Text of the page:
Industry collaboration to secure our power networks
Working with industry partner Powerlink Queensland, Dr Ernest Foo and collaborators conducted a detailed security analysis of the DNP3 protocol, the main protocol used to automate substations in Australia, to identify vulnerabilities and propose mechanisms to secure power networks from cyber attacks.
Protecting communications in autonomous infrastructure
Autonomous vehicles and other unsupervised systems increasingly rely on trustworthy communications. We are investigating the security of communications protocols used within and between mobile and fixed infrastructure, as used in transport, manufacturing and other essential services systems.
Secure and efficient Internet of Things data networks
Installed in a mine or a household refrigerator, microprocessors can transmit data about location, gas levels and even dust. Dr Vicky Liu’s research is focused on cyber security for IoT data with consideration to performance and cost, and can be applied to smart cities, wearable fitness trackers, or any networked objects
The vital importance of information systems makes them a tempting target for attacks. We need to protect critical data and the systems that use, store and transmit it.
Creating a simple and strong cryptography for humans to take the front seat in real security protocols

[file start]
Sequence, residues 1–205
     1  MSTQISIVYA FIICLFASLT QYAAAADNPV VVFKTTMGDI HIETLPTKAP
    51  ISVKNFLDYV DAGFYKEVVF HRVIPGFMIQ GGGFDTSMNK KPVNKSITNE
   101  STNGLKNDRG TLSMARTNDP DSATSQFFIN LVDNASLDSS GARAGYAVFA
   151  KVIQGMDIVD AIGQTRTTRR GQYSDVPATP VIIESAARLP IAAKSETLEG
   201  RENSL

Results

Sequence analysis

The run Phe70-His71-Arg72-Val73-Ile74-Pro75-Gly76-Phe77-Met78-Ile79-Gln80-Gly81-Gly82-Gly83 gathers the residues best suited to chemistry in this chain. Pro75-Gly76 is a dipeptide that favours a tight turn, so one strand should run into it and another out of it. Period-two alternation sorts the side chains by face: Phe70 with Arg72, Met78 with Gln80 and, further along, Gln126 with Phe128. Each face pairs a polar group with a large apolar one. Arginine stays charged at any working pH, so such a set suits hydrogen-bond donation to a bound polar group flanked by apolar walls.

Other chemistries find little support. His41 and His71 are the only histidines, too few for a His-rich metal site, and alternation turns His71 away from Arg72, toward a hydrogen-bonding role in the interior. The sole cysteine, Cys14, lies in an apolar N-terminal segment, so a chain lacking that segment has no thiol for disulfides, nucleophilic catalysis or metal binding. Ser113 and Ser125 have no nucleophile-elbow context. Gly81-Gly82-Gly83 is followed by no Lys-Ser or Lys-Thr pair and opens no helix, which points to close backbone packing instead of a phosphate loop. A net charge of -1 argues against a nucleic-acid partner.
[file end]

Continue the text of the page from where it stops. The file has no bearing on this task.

Cryptography offers wonderful tools for unbreakable data security, but only between computer nodes, leaving their human owners helpless. Encrypted tunnels terminate not at humans but at mobile phones and personal computers, exposing users' secrets to spyware from search-engine keyloggers to full-bore malware planted by crooks, hackers, and foreign spy agencies.
This project aims to create a simple and strong cryptography, so that humans can, for the first time, take front seat in real security protocols. The technical challenge is to build public-key ciphers, operable manually from a mental key in seconds, and from there remake human-powered versions of many useful information security protocols.
Recreate and expand the power of functional encryption (FE) from post-quantum (PQ) mathematical principles, immune to quantum attacks, building on recent discoveries of limited forms of PQ-FE from rock-solid cryptography principles
Modern cryptography has the power to revolutionise virtually every aspect of our online lives. Large-scale secure data sharing could become a breeze, with tools such as functional encryption (FE) to give us fine control over access rights by means of expressive languages, and there will be no more juggling of crypto keys. Finally, the known foundations of FE will crumble when even small-sized quantum computers become reality, perhaps next decade.
This project aims to recreate and expand the power of FE from post-quantum (PQ) mathematical principles, immune to quantum attacks, building on recent discoveries of limited forms of PQ-FE from rock-solid crypto principles.
- Legacy2Service: a novel, model-driven technique for re-engineering on-demand software services out of legacy applications, 2014-2016.
- Big Data Analysis on Personal Computers, 2017-2020.
We offer research consultancy services to industry and government bodies in our specialist fields of cryptography and secure networking.
Contact our academic staff to find out more about their research specialisations, or our Science and Engineering Industry and Engagement office to discuss partnership opportunities.
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